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What’s your favorite Hail Mary in NFL history?

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Aaron Rodgers ripping out Calvin Johnson’s heart? The Fail Mary? Drew Bledsoe’s backup not named Tom Brady?

Green Bay Packers v Seattle Seahawks Photo by Otto Greule Jr/Getty Images

The NFL is leaning toward allowing coaches to challenge pass interference calls and non-calls in the final two minutes of each half. And that means the league may soon be turning a little extra attention to the most exciting play in football — the Hail Mary.

Hail Marys, the low-percentage heaves deep downfield to a throng of outstretched arms and defenders being screamed at to “just bat it down,” would present a major hiccup for any interference challenges due to the jostling and jockeying that goes into the final stages of the potentially game-changing play. But while the league tackles — probably poorly — what may or may not constitute a Hail Mary, we’ve been stuck here thinking of our favorite ones.

The league’s been littered with outcomes turned 180 degrees thanks to a big arm, some unshakeable receivers, and a lot of luck. Aaron Rodgers turned the last-ditch deep ball into an art. Joe Flacco played Slim Pickens in 2012 when he rode a bomb — this one to Jacoby Jones — to a road AFC title game win and an NFL championship. And Tom Brady’s most memorable Hail Marys came in Super Bowl defeats.

Which of these longshot passes were the best? We have some ideas.

Aaron Rodgers throws a football to the damned moon to roast the Lions

So what if it was set up by a 15-yard facemask flag on a penalty that didn’t actually happen? After seeing Rodgers turn himself into a human trebuchet, I’m approximately 50 percent sure he would have found a way to bend time and replay the would-be game-ending sack that nearly sunk the Packers in Detroit.

The former MVP has regularly impressed with amazing feats of arm strength, but none may have been better than this pass that seemed to scrape the rafters at Ford Field before falling to Earth like a whistling mortar and into the hands of backup tight end Richard Rodgers.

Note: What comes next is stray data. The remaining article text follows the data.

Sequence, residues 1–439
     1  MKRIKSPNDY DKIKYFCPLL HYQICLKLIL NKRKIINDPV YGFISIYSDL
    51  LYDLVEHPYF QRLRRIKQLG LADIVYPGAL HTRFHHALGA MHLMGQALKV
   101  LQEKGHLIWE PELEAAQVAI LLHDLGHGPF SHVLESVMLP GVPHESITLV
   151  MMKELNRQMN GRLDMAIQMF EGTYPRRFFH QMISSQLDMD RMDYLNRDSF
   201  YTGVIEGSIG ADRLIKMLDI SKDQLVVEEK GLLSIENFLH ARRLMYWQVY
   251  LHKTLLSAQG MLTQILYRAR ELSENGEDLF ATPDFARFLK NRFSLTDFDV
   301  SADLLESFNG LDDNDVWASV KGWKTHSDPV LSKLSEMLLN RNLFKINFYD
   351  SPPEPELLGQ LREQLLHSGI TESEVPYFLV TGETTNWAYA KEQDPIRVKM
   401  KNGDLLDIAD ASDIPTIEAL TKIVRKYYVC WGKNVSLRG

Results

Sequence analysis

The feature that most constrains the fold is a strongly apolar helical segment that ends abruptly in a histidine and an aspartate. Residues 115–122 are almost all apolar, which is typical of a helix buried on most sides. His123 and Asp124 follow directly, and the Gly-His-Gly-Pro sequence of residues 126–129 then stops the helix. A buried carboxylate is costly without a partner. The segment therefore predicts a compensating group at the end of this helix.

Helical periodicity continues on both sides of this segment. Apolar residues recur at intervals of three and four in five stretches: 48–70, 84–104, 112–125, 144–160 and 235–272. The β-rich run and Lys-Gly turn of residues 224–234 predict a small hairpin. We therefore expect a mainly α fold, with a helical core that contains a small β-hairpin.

There weren’t any stakes attached to this game other than an NFC North rivalry — Green Bay was going to the postseason even with a defeat in Detroit — but it did extend Rodgers’ dominance over the poor, poor Lions. With the win, the Packer QB improved to 10-3 all time against his division rival (he’s 13-5 now).

It also turned Calvin Johnson into a puddle and sapped his will to play football — he retired after the season ended weeks later.

Christian D’Andrea

Michael Bishop throws a Hail Mary on his first career pass attempt

There have been plenty of famous Hail Marys in NFL history, but my favorite is also one of the more random — simply because of how random it was. In 2000, Drew Bledsoe was the Patriots starting quarterback. The team spent a sixth-round pick on Tom Brady earlier that year, but the previous year it had invested a seventh-round pick in Kansas State quarterback Michael Bishop.

The Patriots carried both on their roster that season behind Bledsoe. Brady made his debut in Week 13, completing 1 of 3 passes for six yards. Meanwhile, Bishop made his debut in Week 2. After three rushing attempts in his second and third games, the Patriots brought Bishop in at the end of the second quarter against the Indianapolis Colts. He took the snap and completed his first career pass, a 44-yard Hail Mary touchdown to wide receiver Tony Simmons to close out the half.

Over the rest of the season, Bishop completed 2 of 8 more pass attempts. At the time of the Hail Mary, many fans viewed him as the better prospect than Brady. Bledsoe struggled much of that season and there was grumbling to give Bishop a chance. However, he never got a significant shot after the Hail Mary. Outside of a brief offseason with the Packers, he didn’t set foot in the NFL again. And the rest is Brady history. — David Fucillo

The Patriots were gifted a phantom pass interference call

Maybe this is cheating because it wasn’t really (at least, at first) a successful Hail Mary. But this is one of those moments from watching football as a kid that has been seared in my mind forever.